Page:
First, data is infinitely shareable without loss of value. A dataset can be replicated and shared many times over without any degradation in its quality, especially if its metadata is managed appropriately. Data can be made available on-demand across the organization instantaneously. It can be everywhere at once. A human being, however, cannot.
Second, data is both domain-specific and universal. It is domain-specific because it comes from the specialized knowledge of various subject matter experts (SMEs) in the company and their respective departments, divisions, or domains. It is universal because it can be shared, annotated, augmented, translated, combined, and/or augmented to serve the needs of other domains within the company.
Third, data value increases with use. The massive amounts of data generated every day by any given company would break the bank if it were in physical form and housed on-premises. Why store something so expensive and never use it? Data can go from an asset to a money pit almost instantaneously if it is not used properly. Similarly, why would a company hire someone, train them, provide a major benefits package, and never utilize them? Data requires neither a massive physical storage silo nor a generous benefits package, but it must be used (following good data governance practices) across the organization. It gets stronger with more use and welcomes the opportunity for quality improvement. Human employees might get bored with continuous professional development, but data thrives on quality improvement.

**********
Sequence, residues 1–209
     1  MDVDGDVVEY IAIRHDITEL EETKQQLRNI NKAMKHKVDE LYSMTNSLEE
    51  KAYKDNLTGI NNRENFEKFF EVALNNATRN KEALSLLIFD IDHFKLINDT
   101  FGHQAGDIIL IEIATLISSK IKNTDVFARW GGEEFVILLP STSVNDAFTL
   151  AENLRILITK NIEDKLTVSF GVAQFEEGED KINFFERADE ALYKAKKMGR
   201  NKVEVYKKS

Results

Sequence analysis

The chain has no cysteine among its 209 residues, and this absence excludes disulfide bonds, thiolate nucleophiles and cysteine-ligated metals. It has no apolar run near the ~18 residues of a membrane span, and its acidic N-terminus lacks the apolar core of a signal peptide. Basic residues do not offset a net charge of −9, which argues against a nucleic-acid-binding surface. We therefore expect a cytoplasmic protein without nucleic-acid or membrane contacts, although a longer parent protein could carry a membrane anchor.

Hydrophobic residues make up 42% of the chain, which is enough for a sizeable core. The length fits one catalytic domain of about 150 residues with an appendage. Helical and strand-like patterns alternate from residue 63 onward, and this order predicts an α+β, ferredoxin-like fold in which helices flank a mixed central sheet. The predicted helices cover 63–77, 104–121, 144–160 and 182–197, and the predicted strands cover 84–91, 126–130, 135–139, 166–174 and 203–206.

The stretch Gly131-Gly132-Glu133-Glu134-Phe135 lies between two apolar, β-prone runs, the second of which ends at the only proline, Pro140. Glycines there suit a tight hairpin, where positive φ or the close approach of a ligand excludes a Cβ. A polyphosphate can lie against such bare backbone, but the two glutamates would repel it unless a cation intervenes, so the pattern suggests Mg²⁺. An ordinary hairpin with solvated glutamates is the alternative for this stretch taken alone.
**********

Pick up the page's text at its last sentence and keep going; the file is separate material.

Fourth—and speaking of use—data is not depletable and will wind up costing a company more if not used or managed properly. Brent, for all his effort, is one finite human being. He needs rest, time off, meals, and sleep. He can be overworked and burned out. Data, on the other hand, never sleeps. It needs no time off. It can be used, crunched, extracted, transformed, loaded, queried, traced, reported on, and it is still there, waiting to be used again. Following best practices only makes data more effective.